Elaine, what do we know about this unprecedented federal program and what it meant for child hunger and what does its end mean now?

  • Elaine Waxman, Urban Institute:

    So, I think we have learned some important lessons from the pandemic, which is that school meals has really been a critical portion of what families rely on to feed their kids.

    And that became very clear during the last couple of years. We also know from research that there are a number of benefits for everyone in the school, whether or not they're lower income. Schools that have universal school meals tend to have higher test scores, fewer disciplinary problems, less bullying, less stigma.

    So, from an evidence base, we know it's a good investment as well. Unfortunately, the pandemic may be abating somewhat, but what has not changed, and, in fact, has accelerated is the cost of food. So, food price inflation is double digit. That's not something that we're used to.

    And that's creating a lot of pressure on family food budgets, just at the time that these waivers are being rolled back.

  • Lisa Desjardins:

    Now, critics say that this $11 billion this would have cost was simply too much for the federal system to take on. And then some Republicans said that this would encourage dependence on government.

    But can you talk a little bit more about the idea that this actually was helpful in the school environment? What exactly do we know from research that having all kids with nutritional supplements, as we heard one parent talk about, on the same level, what is that doing educationally?

  • Elaine Waxman:

    Well, we have to think about it as an investment in education, because we can see that universal school meals increases test scores, improves the overall school environment.

    So, when we talk about it as a cost, I think we're using the wrong language. It's an investment in kids. And we know that food insecurity is associated with a host of negative outcomes for children and their families, including learning delays, depression in adolescents, suicidal ideation.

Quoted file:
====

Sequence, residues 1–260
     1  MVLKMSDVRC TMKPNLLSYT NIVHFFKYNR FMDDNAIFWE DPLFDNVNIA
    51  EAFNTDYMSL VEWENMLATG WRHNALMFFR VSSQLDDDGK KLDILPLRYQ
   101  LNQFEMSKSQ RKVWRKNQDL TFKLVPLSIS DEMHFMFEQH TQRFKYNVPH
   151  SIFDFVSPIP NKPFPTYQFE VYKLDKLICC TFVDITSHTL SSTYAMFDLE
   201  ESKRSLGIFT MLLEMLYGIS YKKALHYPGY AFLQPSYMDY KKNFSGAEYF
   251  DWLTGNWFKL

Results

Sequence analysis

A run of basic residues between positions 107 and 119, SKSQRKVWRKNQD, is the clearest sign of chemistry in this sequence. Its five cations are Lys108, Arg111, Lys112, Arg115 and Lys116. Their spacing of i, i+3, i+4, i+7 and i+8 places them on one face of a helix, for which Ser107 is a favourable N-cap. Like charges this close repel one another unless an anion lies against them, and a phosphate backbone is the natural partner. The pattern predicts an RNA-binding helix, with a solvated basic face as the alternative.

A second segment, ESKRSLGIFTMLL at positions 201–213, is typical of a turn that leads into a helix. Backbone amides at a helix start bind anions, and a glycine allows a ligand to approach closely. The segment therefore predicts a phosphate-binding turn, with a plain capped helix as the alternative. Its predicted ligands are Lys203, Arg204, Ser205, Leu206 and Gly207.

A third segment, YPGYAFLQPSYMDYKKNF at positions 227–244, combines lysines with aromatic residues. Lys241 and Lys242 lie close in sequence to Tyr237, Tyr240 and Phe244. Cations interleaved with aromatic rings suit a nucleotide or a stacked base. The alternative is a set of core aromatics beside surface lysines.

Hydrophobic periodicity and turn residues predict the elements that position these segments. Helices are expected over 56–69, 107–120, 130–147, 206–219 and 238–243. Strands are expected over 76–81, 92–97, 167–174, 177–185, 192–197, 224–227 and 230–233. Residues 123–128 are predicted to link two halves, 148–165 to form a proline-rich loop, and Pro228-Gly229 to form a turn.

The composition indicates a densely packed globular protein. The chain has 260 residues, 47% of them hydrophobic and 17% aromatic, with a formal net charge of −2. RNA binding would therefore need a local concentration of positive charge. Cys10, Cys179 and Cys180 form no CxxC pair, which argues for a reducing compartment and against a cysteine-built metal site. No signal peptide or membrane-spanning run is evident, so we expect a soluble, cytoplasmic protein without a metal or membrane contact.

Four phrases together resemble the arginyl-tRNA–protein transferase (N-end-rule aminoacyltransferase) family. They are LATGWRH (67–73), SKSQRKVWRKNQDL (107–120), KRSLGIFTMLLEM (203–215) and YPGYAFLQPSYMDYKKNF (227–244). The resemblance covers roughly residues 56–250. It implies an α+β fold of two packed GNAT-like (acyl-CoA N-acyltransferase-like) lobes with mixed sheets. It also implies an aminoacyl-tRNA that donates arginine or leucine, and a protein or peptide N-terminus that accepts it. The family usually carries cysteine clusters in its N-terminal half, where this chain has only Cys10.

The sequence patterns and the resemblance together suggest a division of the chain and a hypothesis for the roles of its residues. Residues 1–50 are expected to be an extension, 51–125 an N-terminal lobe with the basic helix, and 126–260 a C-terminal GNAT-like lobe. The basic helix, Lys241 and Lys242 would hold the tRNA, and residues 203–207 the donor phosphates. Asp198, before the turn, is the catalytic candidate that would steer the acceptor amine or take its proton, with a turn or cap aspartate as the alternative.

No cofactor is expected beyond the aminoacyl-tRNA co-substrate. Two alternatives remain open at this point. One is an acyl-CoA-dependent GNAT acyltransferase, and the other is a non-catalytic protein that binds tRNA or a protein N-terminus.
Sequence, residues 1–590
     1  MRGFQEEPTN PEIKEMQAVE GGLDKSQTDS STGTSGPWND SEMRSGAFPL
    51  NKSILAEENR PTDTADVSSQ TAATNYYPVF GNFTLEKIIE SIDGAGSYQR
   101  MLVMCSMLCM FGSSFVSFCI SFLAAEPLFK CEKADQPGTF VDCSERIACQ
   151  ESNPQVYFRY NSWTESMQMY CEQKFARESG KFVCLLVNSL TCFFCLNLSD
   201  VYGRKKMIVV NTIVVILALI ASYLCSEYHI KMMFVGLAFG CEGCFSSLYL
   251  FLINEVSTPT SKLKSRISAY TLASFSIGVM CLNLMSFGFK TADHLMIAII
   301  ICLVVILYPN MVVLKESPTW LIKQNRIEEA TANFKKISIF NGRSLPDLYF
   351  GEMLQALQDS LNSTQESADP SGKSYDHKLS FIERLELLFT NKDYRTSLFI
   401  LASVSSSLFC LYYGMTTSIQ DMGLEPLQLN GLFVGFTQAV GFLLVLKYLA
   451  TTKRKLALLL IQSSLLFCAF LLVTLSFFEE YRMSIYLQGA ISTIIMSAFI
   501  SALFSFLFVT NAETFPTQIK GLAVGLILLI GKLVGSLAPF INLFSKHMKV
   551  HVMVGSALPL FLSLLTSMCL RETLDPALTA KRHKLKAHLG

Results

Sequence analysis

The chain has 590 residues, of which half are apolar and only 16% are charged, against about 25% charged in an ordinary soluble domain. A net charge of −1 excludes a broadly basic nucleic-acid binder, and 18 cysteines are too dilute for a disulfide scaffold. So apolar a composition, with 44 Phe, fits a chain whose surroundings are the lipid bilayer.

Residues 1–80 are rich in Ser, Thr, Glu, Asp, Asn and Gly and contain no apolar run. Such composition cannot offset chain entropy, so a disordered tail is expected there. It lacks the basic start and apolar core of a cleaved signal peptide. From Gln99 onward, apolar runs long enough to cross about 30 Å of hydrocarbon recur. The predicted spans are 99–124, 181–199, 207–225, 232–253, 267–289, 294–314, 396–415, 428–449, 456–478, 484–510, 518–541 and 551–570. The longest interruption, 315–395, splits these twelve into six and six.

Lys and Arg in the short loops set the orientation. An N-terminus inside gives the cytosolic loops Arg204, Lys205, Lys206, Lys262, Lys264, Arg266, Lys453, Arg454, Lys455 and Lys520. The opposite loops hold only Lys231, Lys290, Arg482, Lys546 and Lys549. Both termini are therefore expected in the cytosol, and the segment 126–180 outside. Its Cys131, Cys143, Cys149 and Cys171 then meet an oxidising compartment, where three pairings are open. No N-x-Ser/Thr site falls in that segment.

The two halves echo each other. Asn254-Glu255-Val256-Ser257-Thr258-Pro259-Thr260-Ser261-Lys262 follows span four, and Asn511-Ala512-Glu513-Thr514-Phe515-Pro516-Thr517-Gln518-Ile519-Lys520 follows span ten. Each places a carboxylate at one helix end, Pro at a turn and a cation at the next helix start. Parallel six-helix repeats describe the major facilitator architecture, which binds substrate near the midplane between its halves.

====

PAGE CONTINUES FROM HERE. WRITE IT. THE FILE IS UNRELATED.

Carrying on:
So these are things that we're investing in to try to improve outcomes, rather than using the language of cost.

  • Lisa Desjardins:

    Some parents have had very different experiences across the country. Some didn't know that this program was ending.

    And now it seems like some may be kind of left outside because they haven't known to reapply. Can you talk about sort of what's going on in school districts and what this means for parents? What's the situation there?

  • Elaine Waxman:

    Sure, well, there are a few things to be concerned about.

    First of all, schools still have a lot on their plates, so to speak. There's a lot of pressure from food supply chains. So, launching a program where you have to process applications again in the midst of all that is very challenging. We know that a lot of the children who are just over the cut off for free and reduced price lunches are actually children of color.

    So it's going to fall more inequitably on those families. And we worry about that, because, typically, food insecurity rates in those households are about twice what they are for white households. Parents may or may not realize that they have the ability to apply, but they also may be just over that cut off. And so that's something that they have got to build back into their budget just at a time when grocery bills are very high.

  • Lisa Desjardins:

    As you mentioned, this comes during the year when we're seeing, for modern times, a record inflation food prices specifically, so much stress there.

    Can you talk about where we are with food insecurity and hunger overall? And what does the kind of loss of this program mean in terms of our country and dealing with hunger?

  • Elaine Waxman:

    Yes, that's a great question.

    We just had some new data from USDA that suggested that, in 2021, food insecurity for households with children actually fell to an all-time low in the period we have been measuring it. But we at the Urban Institute conducted a new survey earlier this summer and found that households with children have food insecurity rates that are creeping back towards what they were at the beginning of the pandemic.

    And I think that reflects two things. It reflects the higher cost of food, but it also reflects fewer supports, so the loss of universal school meals, the rollback of the monthly child tax credit payments, and other resources that were available in 2021, like enhanced unemployment benefits, that are not available for families anymore.

  • Lisa Desjardins:

    Elaine Waxman of the Urban Institute, something we're going to be paying close attention to in coming months.

    We really appreciate your time.

  • Elaine Waxman:

    Thanks for having me.